Articles about: "language"

An ‘Interview with a Toddler,’ with a good lesson for parents

The Doctor and Dad family has been sick with the stomach flu all week, so we’re keeping things light (much like the only food we can keep down at the moment).

We invite you to kick back, relax, and enjoy the best kid-related comedy we’ve seen in a while:

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Playtime! Activity: Riddle me this

riddles1

Remember trying to solve riddles back when you were a kid? No, not the riddle of how to tease your bangs taller than Lisa Turtle’s or how to do that two-man Kid N’ Play dance without falling flat on your face.

We’re talking about those brain-bending word puzzles that force you think about a problem from more than one angle – and sometimes for more than one day – until eventually, enlighteningly, you finally figure them out.

Now that you’re a parent, you can get a whole new perspective on riddles. Because riddles are not only amusing mental games – they’re also a great way to get into your kid’s head!

Who It’s For: Kids ages 3 and up

What They’ll Learn: Problem solving, flexible thinking, how to be playful with language

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Playtime! Activity: Gettin’ Jokey With It

Orange you glad we included this picture?
Orange you glad we included this picture?

Think helping your child learn something always has to be serious business? A priest, a duck and a sandwich walking into a bar would totally disagree. Try this awesomely addictive activity with your family, and your kids will be cracking wise – and getting wise – before you know it!

Who It’s For: Kids ages 4 and up (plus their younger siblings, if they’re into it like ours)

What They’ll Learn: Language, memory, creativity

What You Need: A sense of humor, or if you don’t have that, a book of kids’ jokes that you found for like five bucks in that weird “gift items” aisle nobody ever goes down at the grocery store

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Your kid talks funny, but not for long

In our last post, “Why mispronouncing words is good for your kid,” we talked about how flubbing up all sorts of speech sounds is a totally normal part of your child’s language development.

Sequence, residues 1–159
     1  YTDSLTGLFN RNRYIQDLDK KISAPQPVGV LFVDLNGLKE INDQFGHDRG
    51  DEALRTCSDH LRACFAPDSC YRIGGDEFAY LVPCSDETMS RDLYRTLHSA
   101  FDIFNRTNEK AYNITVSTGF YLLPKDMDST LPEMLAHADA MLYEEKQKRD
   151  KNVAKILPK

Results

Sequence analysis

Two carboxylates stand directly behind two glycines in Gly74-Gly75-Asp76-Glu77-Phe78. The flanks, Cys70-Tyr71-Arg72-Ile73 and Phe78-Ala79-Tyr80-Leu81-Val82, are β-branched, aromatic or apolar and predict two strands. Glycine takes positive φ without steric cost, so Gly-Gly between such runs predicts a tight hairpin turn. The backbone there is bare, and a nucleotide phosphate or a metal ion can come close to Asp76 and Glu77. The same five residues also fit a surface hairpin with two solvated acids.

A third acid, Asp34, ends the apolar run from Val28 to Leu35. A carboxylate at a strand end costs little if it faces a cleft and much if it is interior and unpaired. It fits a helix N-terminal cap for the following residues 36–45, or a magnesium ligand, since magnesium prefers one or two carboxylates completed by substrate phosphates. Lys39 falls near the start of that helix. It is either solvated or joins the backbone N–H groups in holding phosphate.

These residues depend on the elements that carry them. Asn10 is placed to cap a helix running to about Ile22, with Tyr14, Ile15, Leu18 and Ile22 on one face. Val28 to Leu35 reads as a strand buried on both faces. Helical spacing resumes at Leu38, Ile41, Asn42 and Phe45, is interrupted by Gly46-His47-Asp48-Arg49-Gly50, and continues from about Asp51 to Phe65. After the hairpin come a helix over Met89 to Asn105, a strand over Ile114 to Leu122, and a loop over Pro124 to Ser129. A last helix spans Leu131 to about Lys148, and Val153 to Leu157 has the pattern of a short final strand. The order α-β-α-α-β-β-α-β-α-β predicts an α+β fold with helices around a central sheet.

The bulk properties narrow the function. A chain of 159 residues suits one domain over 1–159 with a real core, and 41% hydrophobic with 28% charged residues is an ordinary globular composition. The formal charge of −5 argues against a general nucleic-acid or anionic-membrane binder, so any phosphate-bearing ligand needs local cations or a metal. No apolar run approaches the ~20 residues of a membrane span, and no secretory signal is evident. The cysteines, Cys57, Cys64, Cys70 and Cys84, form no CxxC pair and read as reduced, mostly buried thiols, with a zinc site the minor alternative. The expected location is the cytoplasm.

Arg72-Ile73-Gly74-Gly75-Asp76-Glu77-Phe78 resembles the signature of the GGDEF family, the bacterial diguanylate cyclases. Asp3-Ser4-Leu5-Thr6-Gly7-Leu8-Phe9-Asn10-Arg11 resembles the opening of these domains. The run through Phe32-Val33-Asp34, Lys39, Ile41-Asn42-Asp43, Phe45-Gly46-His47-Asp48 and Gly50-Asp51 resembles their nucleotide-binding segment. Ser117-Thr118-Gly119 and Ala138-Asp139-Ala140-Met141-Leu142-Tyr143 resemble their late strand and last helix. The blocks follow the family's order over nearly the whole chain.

We even showed you this pretty cool chart that lets you know at which ages many common mispronunciations tend to disappear:

consonantsounds_doctoranddaddotcom

What did we tell you? Pretty cool, right?

Then we discovered a couple of really funny posts over on the Mommy Shorts blog featuring a whole bunch of words that have been “totally butchered by toddlers.” And that made us think that our handy-dandy chart would be the ideal tool for figuring out exactly when each of those adorably erroneous kid-ism would sadly be lost, forever replaced by the boring old correct pronunciations we adults have all mastered.

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Why mispronouncing words is good for your kid

Kids say the darnedest things. And when they’re still little, they usually say the most poorly enunciated things too.

pasghettiandmeatbulbsThe guy who wrote all those Family Circus comic strips back in the day made his entire living off this fact. Pasghetti and meat bulbs? Sounds like the perfect punch line to me!

But sometimes parents get a little stressed when their young kids mispronounce the words they’re trying to say, thinking that these errors are abnormal or that they might be warning signs of a permanent speech impediment.

If that sounds like you, you can probably relax. Odds are, you have nothing to worry about.

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How two letters can change your kid from selfish to helpful

Want an easy way to get your kids to help out around the house more?

Of course you do. We all do.

baby-mop-1

That’s why the Baby Mop exists. (Too bad it stops working as soon as your baby starts toddling.)

And for the life of us, we just can’t understand why they’ve yet to make a toy vacuum cleaner that actually vacuums. Your kid likes pushing that noisy, annoying thing around. How hard would it be to stick a dustbuster inside of it anyway?

Come on, capitalism. Get on the ball.1

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  1. Yeah, yeah, we know there are a couple of toy sweepers out there that claim to have “suction” capabilities. But the reviews all seem to indicate that this underwhelming feature really just “sucks.” []

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